On 13 January 2017, Swedish band Pain of Salvation released In the Passing Light of Day, a concept album based around the true story of bandleader Daniel Gildenlöw hospitalization due to a deadly streptococcal infection, and the reflections it created in him.
I’m always careful about overpraising a relative new release, but in this case I can say without any doubt that it is one of their finest.
Besides his work with Pain of Salvation, Daniel Gildenlöw was also recording and touring with Swedish Symphonic (Prog) rock band “The Flower Kings” between 2002 and 2004.
The Flower Kings was formed by guitarist Roine Stolt in 1994, together with Änglagård, Anekdoten & Pär Lindh Project, re-creating the Swedish prog scene in the 90’s.
From 1995 to 2013 The Flower Kings have released 12 studio albums.
Daniel Gildenlöw left “The Flower Kings” because he would not travel to the USA for a tour, as he refused to submit to the USA government’s requirement for finger printing and the “wars on terror” paranoia at the time.
In 1974 the then 17 years old Roine Stolt became a member of progressive rock band Kaipa working with them on their three 70’s albums, today recognized as some of the finest early Swedish Prog.
Stolt also co-founded Transatlantic, with Neal Morse (Spock’s Beard), Pete Trewavas (Marillion) and Mike Portnoy (Dream Theater).
In 2014 Roine Stolt met with original Yes lead vocalist Jon Anderson during Progressive Nation at Sea, which inspired the formation of Anderson/Stolt, they released Invention of Knowledge in 2016. So far the only outcome of their collaboration, as far as I know there haven’t been any tour.
Besides his massive fame from his work with Yes, Jon Anderson has made a series of good album with electronic music pioneer Vangelis, as Jon and Vangelis.
Jon Anderson has also done 14 solo albums in latest Survival & Other Stories from 2011.
Without doubt his most famous solo album was his first, Olias of Sunhillow from 1976, a must have album for any prog devotee.
In 1980 his 2nd solo album, Song of Seven was released, containing 9 new songs some leftovers from the Yes “Tormato” sessions. The album is blessed with contribution from a lot of famous musicians, Ian Bairnson (The Alan Parsons Project), Clem Clempson (Colosseum), Morris Pert (Brand X), Dick Morrissey (If) and others.
Most prominent of all Jack Bruce of British supergroup Cream fame, playing Bass on “Heart of the Matter”.
Jack Bruce was a founding member of Cream, a trio formed back in 1966 with guitarist Eric Clapton and drummer Ginger Baker. The band had huge commercial success, and is considered very influential upon the British hard rock scene that would evolve in the early 70’s with Led Zeppelin, Deep Purple and Black Sabbath.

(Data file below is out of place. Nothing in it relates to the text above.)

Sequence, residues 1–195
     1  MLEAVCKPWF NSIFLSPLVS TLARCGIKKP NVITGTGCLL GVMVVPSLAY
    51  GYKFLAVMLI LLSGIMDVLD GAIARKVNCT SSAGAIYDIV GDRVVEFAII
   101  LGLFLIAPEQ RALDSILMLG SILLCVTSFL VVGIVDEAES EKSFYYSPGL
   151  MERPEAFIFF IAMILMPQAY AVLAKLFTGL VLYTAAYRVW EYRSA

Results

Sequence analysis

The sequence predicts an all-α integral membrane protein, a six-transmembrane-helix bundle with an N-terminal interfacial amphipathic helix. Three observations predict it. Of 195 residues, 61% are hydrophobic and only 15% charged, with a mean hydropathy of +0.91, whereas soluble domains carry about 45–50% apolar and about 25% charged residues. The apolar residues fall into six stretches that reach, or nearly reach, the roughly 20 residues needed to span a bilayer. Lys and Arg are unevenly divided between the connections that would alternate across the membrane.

Due to tension between Bruce and Baker the group would disband in 1969 after just four albums. After the breakup Bruce and Clapton would form Blind Faith with Steve Winwood, and Ric Grech, to create just one album – a rare gem of excellence – but that is another story.
After Cream, Bruce released his first solo album “Songs for a Tailor” and soon after joined “The Tony Williams Lifetime” a Jazz Rock outfit including the later so famous John McLaughlin (Miles Davis – Mahavishnu Orchestra)
Jack Bruce playes bass on John McLaughlin’s “Are You the One? Are You the One?” from McLaughlin’s fifth solo album Electric Guitarist released in 1978.
McLaughlin is the founder of Mahavishnu Orchestra one of, if not the most well-known and influential jazz-rock/fusion band ever. Mahavishnu was formed in New York City in 1971. Besides McLaughlin the original lineup was drummer Billy Cobham, bassist Rick Laird, keyboardist Jan Hammer, violinist Jerry Goodman.
Jerry Goodman also was playing on Electric Guitarist.
Before joining Mahavishnu Orchestra, Jerry Goodman was a member of The Flock, a Chicago-based band. The band made two albums in 1969 and 1970 before Jerry Goodman was hire to join Mahavishnu. The music is hard to pinpoint with a nice but rather weird mix of Jazz Classic and Rock.
The Flock reunited in 1975 to create their third album “Inside Out”, now without Goodman.
Over the years Jerry Goodman have toured with and played as session musician a lot of different artist, from Dixie Dregs to Toots Thielemans, Hall & Oates to Styx.
One of his recent contributions was on Dream Theater’s 2009 studio album Black Clouds & Silver Linings, where he plays a very beautiful solo on top of Jordan Rudess keyboard at the opening section of “The Best of Times”.
The Special Edition of Black Clouds & Silver Linings included a bonus disc of cover songs. Jerry Goodman plays the violin in Robert Fripp’s “Larks’ Tongues in Aspic, Part Two” origination from King Crimson’s 1973 classic masterpiece.
As they say, every road leads to something Fripp.